Science

The Search For Alien Intelligence May Be Revolutionized By New AI Tech

Alien Intelligence
kellepics / Pixabay

The search for alien intelligence may be less about looking and more about listening, and artificial intelligence may be a large part of that.

While much of our efforts to find alien intelligence have been focused on looking for signs that they might exist, the likelihood of finding extraterrestrial life visually is likely pretty low. Astronomer Jill Tarter and many other members of the scientific community believe looking for radio signals may be a far more likely avenue.

Part of the efforts to find these radio signals may be accomplished by artificial intelligence – adding new ways to locate alien intelligence that we haven’t really thought of yet.

It’s important to note that when we think of alien intelligence, we’re often thinking of it in ways relative to our own. However, humans aren’t the only forms of intelligent life here on Earth. While we’re certainly the most advanced in terms of cognitive functioning, there are also organisms like octopi, dolphins, and various primates that are also quite smart.

When making the search for alien intelligence, we often do so with the assumption that they will be as advanced or more advanced than our own, but there’s also a possibility that their intelligence could be measured in an entirely different way – being lesser or perhaps even separated completely from what we understand as advanced.

The push for artificial intelligence when trying to find alien life has been around for quite some time, but computers are quickly gaining the ability to outperform our own brains in a variety of areas and they may be a key part of coming up with strategies that we might not be able to wrap our heads around.

In early 2018, a group of multi-disciplinary scientists comprised of astronomers, anthropologists, AI researchers, neuroscientists, historians and more all gathered for a workshop at the SETI Institute in Silicon Valley titled “Decoding Alien Intelligence.”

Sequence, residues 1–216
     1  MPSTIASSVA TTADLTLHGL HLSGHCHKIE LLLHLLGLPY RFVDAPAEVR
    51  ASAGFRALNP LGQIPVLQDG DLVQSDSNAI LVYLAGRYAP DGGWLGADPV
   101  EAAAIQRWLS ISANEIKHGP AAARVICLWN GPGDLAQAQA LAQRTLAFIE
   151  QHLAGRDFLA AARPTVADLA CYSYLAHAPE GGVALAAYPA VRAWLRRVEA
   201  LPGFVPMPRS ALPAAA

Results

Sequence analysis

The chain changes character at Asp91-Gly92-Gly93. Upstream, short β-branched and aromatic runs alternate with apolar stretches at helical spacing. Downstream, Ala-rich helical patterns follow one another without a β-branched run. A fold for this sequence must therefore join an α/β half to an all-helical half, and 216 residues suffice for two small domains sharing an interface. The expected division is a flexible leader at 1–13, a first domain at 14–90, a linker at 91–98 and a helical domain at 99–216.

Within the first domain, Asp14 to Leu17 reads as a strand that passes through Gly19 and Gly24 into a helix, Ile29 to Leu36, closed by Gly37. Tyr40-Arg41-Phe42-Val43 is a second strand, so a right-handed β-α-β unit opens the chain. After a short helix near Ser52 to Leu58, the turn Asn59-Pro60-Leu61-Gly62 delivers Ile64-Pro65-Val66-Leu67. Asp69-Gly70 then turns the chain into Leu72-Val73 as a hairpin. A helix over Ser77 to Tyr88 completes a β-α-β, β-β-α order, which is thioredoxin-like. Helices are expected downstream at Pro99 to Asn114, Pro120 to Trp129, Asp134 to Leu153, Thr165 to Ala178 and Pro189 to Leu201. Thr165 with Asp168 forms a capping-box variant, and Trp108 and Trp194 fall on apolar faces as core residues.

At the conference, Nathalie Cabrol presented her 2016 paper “Alien mindscapes” where she calls for a new roadmap in the search for alien intelligence. She alls for this search to expand beyond “looking for other versions of ourselves” and to “think outside of our own brains.”

Part of this initiative has been developed with a collaboration among the SETI Institute, NASA, Intel, IBM and several other partners in order to tackle these problems through AI research and development called the Frontier Development Lab.

One main method being employed by the AI research lab in order to find alien intelligence is a system called “signal agnostic searching” which uses machine learning methods to look at data without predetermined categories – allowing it to cluster into their “natural categories.”

Once these categories are clustered, the AI can then let researchers know what stands out as outliers – potentially giving us insight into alien intelligence that deviates from the norm. Once these outliers have been identified, they can be investigated further until we eventually arrive at some form of new knowledge.

Overall, if we’re to avoid a human-centered point of view while we look for alien intelligence, we need to see how we approach coding ideas about differences into AI and take into account how that shapes the outcome. By using AI in a way that allows it to think outside of our preconceived notions, we may find differences and information that was hiding in plain sight.

It seems as if the search for alien intelligence is stronger than ever before – especially considering that Congress has earmarked a significant amount of money for NASA to explore and search for extraterrestrial life. This is the first time in quite a while that money has been devoted specifically to alien intelligence, and it will be interesting to see what NASA can turn up with these new resources.

NASA and other space organizations have largely focused on finding areas that would be habitable to real life, but with a new focus on AI in order to discover alien intelligence, it may be possible to actually turn up something concrete rather than a simple possibility that life could exist.

Moving forward, we’ll have to see how this renewed vigor towards the search for alien intelligence pans out. By taking a more abstract and open approach to what we consider intelligent life, we may be able to stumble upon something absolutely groundbreaking.

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